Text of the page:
Allow me to express how grateful I am as a young political student and a Caricom citizen who recently observed what I would describe as a ground-breaking event by our regional court, an event that many Guyanese should be aware of and evidently proud of.
The Caribbean Court of Justice (CCJ) is one of those organisations that the Caricom ‘brainstormers’ brought to reality. Although it is a reality, not many of the Caricom members accept the CCJ as their highest and final court of appeal; however the 2001 revised Treaty of Chaguaramas which they signed on to states that the CCJ is the region’s highest court. It is because of this statement that the Barbados government is required to comply with the Shanique Myrie ruling.
Guyana has always been a leader in the Caribbean Community and although we fell in economic power to Trinidad and Tobago, we still are the first to implement many of Caricom’s rules and guidelines including the Caribbean Court of Justice. It would not be a surprise if Guyana should be the first to implement the single currency and market, open our gates to Caricom citizens without hassle to live here as permanent residents or even easy transition to citizenship; after all we are the seat of their headquarters and intra-regional government.
But how effective is the CCJ with trade. Jamaica and Trinidad have been in hot quarrels of recent and the CCJ failed to step in when some Eastern Caribbean islands complained that Trinidad was subsidising fuel to Caribbean Airlines and not LIAT although they both are from the same region, both owned by Caricom governments and serving the Caricom region. The international law of trade “What goes for one, goes for all” applies. As for Suriname, their business is mostly supplied from Europe and hardly the Caricom market so they did not kick up a storm but if they had, would their voices be heard?
The CCJ is in its infancy yes, but she is already making huge strides at just twelve years old. The judicial organisation has an important role to play in not only sovereignty of states but the integration of that individual sovereignty.
It really is stupendous how an ordinary citizen such as myself can go towards the court and sue the government of another country for harassment, abuse and vindication of one’s nationality. Sure it is easier said than done and it is often a long and strenuous task but it is possible and we saw recently that is can be successful if you are dedicated to justice.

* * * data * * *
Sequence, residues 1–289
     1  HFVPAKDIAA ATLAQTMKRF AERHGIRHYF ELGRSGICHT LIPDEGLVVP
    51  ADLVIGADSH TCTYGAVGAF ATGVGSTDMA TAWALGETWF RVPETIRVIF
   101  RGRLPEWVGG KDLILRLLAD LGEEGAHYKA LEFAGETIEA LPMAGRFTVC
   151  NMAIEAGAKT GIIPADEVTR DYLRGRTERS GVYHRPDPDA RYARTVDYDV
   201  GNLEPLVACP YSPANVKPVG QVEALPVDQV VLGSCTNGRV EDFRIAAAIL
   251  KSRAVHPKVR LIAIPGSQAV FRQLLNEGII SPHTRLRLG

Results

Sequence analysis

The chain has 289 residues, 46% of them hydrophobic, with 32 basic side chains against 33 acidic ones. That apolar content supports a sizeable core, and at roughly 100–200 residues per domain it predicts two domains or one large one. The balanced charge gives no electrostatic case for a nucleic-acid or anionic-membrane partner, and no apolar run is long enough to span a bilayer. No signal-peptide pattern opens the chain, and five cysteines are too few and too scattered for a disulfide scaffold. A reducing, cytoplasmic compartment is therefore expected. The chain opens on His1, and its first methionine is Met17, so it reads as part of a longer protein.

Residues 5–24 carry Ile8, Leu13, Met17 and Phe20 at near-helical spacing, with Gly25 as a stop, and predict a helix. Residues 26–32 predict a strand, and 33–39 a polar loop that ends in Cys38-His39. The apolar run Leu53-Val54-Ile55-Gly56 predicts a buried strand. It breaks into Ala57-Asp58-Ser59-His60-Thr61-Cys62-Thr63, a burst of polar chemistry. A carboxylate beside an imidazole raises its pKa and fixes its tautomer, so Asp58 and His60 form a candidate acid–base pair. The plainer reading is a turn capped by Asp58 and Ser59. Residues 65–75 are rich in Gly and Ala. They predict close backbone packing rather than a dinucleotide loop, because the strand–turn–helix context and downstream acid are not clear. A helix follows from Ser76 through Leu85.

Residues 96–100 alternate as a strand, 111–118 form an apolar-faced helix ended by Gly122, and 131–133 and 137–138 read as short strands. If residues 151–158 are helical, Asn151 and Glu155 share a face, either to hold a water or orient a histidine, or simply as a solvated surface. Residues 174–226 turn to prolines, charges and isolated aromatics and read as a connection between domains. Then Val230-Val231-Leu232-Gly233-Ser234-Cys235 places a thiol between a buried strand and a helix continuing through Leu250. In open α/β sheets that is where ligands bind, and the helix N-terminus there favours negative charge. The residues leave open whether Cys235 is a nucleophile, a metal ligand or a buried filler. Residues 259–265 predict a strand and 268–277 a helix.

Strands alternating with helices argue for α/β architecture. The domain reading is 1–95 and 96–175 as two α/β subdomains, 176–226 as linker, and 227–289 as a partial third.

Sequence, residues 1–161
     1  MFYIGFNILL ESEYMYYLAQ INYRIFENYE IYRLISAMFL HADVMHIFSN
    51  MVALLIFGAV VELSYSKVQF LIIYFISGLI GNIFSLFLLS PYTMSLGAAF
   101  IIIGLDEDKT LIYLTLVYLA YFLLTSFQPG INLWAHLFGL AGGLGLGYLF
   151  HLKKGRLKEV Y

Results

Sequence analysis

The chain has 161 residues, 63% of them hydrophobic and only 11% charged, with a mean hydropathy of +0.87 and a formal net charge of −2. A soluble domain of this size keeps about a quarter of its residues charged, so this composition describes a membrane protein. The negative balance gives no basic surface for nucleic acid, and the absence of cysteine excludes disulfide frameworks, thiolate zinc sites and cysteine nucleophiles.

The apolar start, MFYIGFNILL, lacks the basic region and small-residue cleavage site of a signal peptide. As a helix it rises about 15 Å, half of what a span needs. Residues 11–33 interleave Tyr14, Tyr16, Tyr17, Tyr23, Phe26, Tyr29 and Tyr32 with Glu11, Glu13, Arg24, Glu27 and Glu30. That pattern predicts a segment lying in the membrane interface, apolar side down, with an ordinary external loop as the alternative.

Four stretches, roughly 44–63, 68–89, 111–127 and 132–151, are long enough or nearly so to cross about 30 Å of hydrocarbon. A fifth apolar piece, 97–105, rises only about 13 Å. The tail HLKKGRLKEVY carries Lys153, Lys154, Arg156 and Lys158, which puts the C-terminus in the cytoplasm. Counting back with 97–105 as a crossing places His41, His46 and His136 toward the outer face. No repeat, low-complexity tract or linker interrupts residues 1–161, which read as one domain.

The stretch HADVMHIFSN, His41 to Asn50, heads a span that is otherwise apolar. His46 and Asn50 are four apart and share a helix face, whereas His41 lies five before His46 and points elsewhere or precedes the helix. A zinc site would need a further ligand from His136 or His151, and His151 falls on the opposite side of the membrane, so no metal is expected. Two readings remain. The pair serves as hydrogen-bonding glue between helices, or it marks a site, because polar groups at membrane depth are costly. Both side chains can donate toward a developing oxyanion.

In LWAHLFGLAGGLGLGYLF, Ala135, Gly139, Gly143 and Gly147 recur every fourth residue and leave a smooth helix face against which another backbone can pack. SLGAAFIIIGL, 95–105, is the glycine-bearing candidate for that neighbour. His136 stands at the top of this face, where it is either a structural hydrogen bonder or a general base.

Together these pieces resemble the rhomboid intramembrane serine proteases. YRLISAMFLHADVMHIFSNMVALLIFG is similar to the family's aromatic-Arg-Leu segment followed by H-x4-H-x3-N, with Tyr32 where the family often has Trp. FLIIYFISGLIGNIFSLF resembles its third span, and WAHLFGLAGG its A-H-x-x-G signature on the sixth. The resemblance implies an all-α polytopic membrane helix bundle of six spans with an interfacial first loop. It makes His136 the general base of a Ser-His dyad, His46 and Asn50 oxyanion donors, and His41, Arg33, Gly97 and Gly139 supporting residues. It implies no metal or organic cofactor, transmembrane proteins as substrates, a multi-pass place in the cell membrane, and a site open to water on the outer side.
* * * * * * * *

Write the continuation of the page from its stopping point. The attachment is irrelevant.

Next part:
Shanique Myrie stepped before the Caribbean Court of Justice without the initial support of her government and state of Jamaica. She stood firm in her belief and fought on to the end with success. Her determination defines the strength of the Caribbean woman, of any Caribbean person for that matter; she put her foot down and said `I am not to be abused’ in her own way. She was fed up, she was tired and she was wronged and at the end she triumphed with a smile that held back much tears.
Outstanding it is. Outstanding that we now have a louder voice to represent the thousands of commuting Caribbean nationals, especially us Guyanese who are harassed and made a bench infamous, the rumours we all know are true and the burning eyes that haunt us as we walk past.
This ruling by the CCJ has made me a confident and proud Caricom national and I strongly hope that the organisation continuously gets the respect and support from Caricom, its governments and citizenry. I am proud to be a Caricom citizen with a regional court I can step towards for my rights as a citizen of this region and I encourage all my Guyanese brothers and sisters to let your voices be heard in and out of Guyana. If you know you have rights then use it as Myrie did.
For those victims who were abused by customs officers or immigration officers we have a voice louder than our individual governments I encourage everyone to use it.